Increasing your distance per stroke (DPS) should be a goal for most triathletes who want to be faster swimmers. “I need to go faster” is just another way of saying “I need to increase my speed.” Fortunately speed is a simple equation:
speed = distance/time
Unfortunately, a lot of triathletes only focus on increasing the ‘distance’ part of the equation and forget about the ‘time’ part.
The key to increasing your speed by improving your distance per stroke is to ensure that you cover more distance in the same amount of time. It is of little use to cover more distance per stroke but to take more time in doing so. This is one of the reasons I don’t recommend drills like “2 second glide.” I have found that these types of drills train the wrong rhythm and neuro-muscular patterning. The simple “2 second glide” type of drill allows you to finish your stroke and then glide, which doesn’t make you faster or more efficient. You need to find more distance within the timing of your stroke.
The following drills can help you to get more distance per stroke without reducing your arm speed. They will teach you to apply the appropriate power during last two thirds of your underwater stroke.
DPS Drill #1: Isolated Stroke Finish
This drill is an effective twist on ‘doggy paddle.’ To do this drill you are on your front with your face in the water. Your arms do not come out of the water. You mimic the finish of the stroke by pushing the water from mid-torso towards your hip, alternating left, then right. Once your left hand and forearm sweep past your hip, you then bring them back to the start position. If you do this drill properly, you will feel your triceps, wrists and even deltoids working. Focus on keeping both your wrist and forearm stiff and strong. Make sure you feel a rush of water past your hips and thighs as you accelerate your forearm past your body. As well, make sure you push the water as far past your hips as you can. Don’t cut your finish short.
DPS Drill #2: 3+ Pause
This is one of the most important drills to master if you want to improve DPS. This drill is done by taking three super powerful strokes followed by a half-second pause. The focus needs to be on fast and strong effort through the last two-thirds of the underwater stroke. The pause is not a ‘glide’ or rest, it is a micro-pause so that you deliberately loose momentum. When you start the next set of three super powerful strokes, you really have to dig down, catch the water properly and accelerate through the back end of your stroke to regain your position and thrust through the water. Try not to emphasize your kick during the three power strokes. Use the acceleration from your arms – not your legs – to drive you forward and get you on top of the water. This is a hard drill and will raise your heart rate if done properly. It is a great drill to do in warm up before a speed set or during a race warm up. Once you have mastered the 3+Pause you can try doing the harder version, “1+Pause.”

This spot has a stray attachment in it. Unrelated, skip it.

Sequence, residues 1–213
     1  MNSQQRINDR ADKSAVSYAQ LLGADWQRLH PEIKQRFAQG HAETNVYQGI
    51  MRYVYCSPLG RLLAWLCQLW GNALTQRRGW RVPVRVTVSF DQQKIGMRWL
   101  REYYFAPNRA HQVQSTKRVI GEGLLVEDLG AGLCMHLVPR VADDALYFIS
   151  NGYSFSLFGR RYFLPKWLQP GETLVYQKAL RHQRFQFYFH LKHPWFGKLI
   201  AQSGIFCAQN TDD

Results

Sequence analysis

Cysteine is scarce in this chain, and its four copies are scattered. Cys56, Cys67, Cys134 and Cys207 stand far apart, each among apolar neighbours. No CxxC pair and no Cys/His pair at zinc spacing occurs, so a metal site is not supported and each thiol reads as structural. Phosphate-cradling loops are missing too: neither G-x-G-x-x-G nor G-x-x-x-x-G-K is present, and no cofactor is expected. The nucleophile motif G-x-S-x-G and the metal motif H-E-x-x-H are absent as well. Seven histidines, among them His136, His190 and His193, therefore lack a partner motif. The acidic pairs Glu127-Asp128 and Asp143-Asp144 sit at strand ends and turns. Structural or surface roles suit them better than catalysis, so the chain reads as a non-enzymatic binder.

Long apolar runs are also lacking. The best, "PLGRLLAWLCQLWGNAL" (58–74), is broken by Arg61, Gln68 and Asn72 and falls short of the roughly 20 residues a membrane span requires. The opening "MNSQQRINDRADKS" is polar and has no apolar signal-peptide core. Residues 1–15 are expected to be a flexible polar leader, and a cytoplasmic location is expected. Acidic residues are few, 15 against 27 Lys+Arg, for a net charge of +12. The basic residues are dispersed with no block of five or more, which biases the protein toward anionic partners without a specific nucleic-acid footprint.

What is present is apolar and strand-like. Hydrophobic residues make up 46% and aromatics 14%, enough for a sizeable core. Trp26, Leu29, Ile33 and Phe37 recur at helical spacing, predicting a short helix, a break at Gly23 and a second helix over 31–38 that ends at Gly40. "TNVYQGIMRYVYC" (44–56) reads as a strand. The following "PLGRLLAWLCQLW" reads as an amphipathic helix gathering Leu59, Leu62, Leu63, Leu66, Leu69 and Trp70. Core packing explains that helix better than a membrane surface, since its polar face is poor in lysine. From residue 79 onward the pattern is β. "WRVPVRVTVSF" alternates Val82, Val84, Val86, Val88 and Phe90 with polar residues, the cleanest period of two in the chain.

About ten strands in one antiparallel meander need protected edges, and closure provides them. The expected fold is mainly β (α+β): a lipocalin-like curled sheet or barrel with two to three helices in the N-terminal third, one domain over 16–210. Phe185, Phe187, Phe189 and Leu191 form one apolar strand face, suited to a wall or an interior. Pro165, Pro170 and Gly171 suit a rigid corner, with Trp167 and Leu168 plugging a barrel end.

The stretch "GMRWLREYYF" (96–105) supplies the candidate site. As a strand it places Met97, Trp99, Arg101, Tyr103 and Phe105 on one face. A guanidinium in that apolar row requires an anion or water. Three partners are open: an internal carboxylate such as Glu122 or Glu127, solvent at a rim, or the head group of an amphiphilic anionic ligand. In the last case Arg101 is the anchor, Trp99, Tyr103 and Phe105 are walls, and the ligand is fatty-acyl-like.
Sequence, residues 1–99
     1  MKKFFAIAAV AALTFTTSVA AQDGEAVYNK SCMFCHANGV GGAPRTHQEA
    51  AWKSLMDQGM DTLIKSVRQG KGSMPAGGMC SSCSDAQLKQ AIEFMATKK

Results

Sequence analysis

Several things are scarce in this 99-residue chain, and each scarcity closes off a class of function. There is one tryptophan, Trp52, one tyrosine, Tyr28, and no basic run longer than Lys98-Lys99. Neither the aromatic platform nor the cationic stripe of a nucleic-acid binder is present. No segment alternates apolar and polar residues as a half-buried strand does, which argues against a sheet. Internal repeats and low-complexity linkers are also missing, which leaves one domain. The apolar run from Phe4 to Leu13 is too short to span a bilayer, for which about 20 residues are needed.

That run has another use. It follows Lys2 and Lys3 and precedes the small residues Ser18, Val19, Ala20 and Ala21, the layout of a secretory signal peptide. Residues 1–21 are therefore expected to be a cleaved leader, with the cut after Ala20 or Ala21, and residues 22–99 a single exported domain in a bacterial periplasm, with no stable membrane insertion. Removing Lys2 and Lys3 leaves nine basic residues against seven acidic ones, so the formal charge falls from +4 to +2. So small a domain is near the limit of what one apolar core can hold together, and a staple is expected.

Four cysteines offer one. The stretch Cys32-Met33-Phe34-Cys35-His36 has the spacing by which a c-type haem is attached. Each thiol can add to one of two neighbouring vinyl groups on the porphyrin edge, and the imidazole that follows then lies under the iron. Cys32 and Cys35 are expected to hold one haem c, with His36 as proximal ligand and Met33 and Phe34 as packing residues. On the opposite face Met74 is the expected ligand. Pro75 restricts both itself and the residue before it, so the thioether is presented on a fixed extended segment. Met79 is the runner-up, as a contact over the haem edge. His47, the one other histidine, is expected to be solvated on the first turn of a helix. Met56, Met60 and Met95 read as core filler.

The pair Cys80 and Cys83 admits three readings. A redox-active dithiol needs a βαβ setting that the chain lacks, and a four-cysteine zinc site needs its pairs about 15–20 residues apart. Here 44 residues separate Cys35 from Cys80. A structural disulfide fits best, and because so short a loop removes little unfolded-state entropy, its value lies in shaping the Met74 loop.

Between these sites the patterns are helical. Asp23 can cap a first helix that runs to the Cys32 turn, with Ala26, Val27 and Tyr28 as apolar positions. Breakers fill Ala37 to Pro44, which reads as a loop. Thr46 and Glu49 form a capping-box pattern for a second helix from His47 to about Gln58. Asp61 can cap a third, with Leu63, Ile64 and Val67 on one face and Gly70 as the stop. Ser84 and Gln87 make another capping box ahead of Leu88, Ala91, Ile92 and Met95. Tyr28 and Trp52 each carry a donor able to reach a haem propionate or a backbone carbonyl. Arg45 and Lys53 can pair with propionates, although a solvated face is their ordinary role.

DPS Drill#3: Stroke Count + Time
This drill will make it very clear why simply increasing your glide will not help your speed. It should become evident that having a powerful underwater stroke will increase your speed and efficiency. This drill is performed like a swim set. It consists of 3 X 50 m with 15 seconds rest. The goal is to reduce your stroke count while keeping your lap time constant. Count your strokes and note the time it takes you to finish the first 50 m. Complete the second and third intervals in the same time (or less) and reduce the number of strokes. In order to do this drill properly, you need to focus on catching and pushing the water quickly behind you. Remember to keep a steady kick. This drill is mentally and physically challenging. Your chances of success at this drill drop if, at any point, you loose mental focus on the goal of perfect, powerful swimming.
You can customize these drills depending on your swimming ability. If you are a weaker swimmer and struggle with body position, you can use a swimming snorkel, pull buoy, or both. If you still struggle with a pull buoy, try using fins. This will allow you to focus more fully on your arms and the purpose of the drill. If you are a stronger swimmer, you can make the drill more challenging by using an ankle band, paddles, or both.
I usually recommend athletes do one length of drill followed by one length of freestyle. During the length of freestyle, I ask them to focus on the area of the stroke that was practiced by the previous length of drill. I have found that alternating drill and swim helps to solidify any neuro-muscular changes.
DPS is a critical component to swimming efficiency. Doing 200 to 500 m of DPS focused drill per practice will help improve your swim technique and efficiency. Drill should not be regarded as an easy part of the workout. The physical purpose and mental focus put into drill should be equal to that of any other swim set. The DPS drills are best done at the beginning of workout when your muscles and brain are fresh. Give these three drills a try before your next main swim set.